Monday, September 24, 2012


As a diversion today, I added "color tab completion" to the Factor environment. I even made the color names render with their assigned color value:

For the curious, I extended the tools.completion vocabulary to implement a "colors-matching" word and then added a "colors-completion" type to the UI.

Tuesday, September 18, 2012

Faster Tables!

We've known for awhile that the Factor user interface is a little bit slow when displaying tables with many rows. I wasn't sure this was a big problem until a detailed bug report was filed (thanks @k7f!) that pointed out the vocabulary (with over 2,000 symbols in it) was "virtually unscrollable".

After poking around at the profiler output, I noticed that some UI gadgets had "baseline alignment" support which was used in the layout process. Some of these calculations were quite expensive and could easily be cached.

After a few changes, and introducing the concept of an "aligned gadget" which provides a mechanism to cache these alignment calculations, the original test case is almost 10 times as responsive as before!

This is available in the master branch on Github.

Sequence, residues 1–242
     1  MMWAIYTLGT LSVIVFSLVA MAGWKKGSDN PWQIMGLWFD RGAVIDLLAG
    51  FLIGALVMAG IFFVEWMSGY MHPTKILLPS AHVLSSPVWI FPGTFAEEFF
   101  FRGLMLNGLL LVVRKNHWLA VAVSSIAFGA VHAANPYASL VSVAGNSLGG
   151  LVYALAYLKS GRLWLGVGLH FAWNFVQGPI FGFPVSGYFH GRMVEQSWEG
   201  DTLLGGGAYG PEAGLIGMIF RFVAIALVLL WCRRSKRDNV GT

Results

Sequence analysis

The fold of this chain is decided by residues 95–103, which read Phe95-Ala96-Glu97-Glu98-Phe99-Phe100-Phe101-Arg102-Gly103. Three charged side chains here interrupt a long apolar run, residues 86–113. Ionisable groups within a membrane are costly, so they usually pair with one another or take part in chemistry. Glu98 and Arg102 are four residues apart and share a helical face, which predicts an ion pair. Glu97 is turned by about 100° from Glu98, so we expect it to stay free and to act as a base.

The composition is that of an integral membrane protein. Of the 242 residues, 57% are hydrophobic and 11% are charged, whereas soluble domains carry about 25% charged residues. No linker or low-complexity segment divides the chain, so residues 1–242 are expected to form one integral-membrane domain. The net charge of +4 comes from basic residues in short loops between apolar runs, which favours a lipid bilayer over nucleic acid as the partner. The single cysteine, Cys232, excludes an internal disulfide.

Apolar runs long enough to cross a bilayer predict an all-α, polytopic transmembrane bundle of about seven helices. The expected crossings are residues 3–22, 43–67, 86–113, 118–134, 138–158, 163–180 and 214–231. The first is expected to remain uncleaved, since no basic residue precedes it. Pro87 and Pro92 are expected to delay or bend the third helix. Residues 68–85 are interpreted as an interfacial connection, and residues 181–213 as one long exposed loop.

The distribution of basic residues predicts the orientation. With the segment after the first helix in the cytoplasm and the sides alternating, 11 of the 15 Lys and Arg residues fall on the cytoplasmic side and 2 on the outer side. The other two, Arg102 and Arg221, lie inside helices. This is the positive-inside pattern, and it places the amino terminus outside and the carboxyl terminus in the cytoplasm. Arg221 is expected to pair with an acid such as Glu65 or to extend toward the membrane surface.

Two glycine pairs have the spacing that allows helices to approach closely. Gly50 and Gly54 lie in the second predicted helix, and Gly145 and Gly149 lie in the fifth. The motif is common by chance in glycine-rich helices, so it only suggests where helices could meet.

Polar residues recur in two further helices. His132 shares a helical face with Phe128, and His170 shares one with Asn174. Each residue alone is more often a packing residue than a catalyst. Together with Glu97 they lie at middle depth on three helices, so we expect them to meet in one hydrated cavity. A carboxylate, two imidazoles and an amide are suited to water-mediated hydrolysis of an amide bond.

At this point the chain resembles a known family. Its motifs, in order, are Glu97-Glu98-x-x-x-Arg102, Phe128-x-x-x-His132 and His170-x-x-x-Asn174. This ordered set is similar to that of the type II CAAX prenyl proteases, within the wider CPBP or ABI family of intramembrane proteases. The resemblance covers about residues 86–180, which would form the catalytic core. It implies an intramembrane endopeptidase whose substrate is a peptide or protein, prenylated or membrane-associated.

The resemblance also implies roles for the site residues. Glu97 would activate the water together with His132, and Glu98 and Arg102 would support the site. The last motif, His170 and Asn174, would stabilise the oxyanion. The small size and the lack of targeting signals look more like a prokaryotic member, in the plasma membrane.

Monday, September 10, 2012

Watching Words

Function "annotations" are a feature that many languages support. They may take various forms such as decorators in Python or class and method annotations in Java -- having direct (like Python) or no direct (like Java) effect on the code it annotates. Factor has some similar features that I'll demonstrate below.

We can define a simple word to use in this example (that adds 2 to its input):

: foo ( x -- n ) 2 + ;


Using the tools.annotations vocabulary, we can attach a "watch" annotation that prints the inputs and outputs of a word when it is called:

IN: scratchpad \ foo watch

If you print the word definition, you can see how it was modified:

IN: scratchpad \ foo see
USING: math tools.annotations.private ;
IN: scratchpad
: foo ( x -- n ) \ foo entering 2 + \ foo leaving ;

You can call this word (either directly, or indirectly by calling another word which calls it) and see its inputs and outputs. A nice feature of this is that the UI lets you click on these values and see more detail (particularly useful if they are tuples or more complex objects):

IN: scratchpad 3 foo
--- Entering foo
x 3
--- Leaving foo
n 5


You can stop watching a word by calling "reset" on it (or right-clicking on its definition in the UI and choosing "reset") to remove all of its annotations. Currently, a word can only be annotated once.

IN: scratchpad \ foo reset


In addition to "watching", you can also use annotations to track the total running time of a word:

IN: scratchpad \ foo add-timing

IN: scratchpad 0 10,000 [ foo ] times .

IN: scratchpad word-timing.
foo 0.000594456


It also supports arbitrary annotations, such as adding "before" and "after" logic:

IN: scratchpad \ foo [ "hi" print ] [ "bye" print ]
               [ surround ] 2curry annotate

IN: scratchpad 3 foo .

These annotations can be pretty powerful and were even used to build our code coverage tool.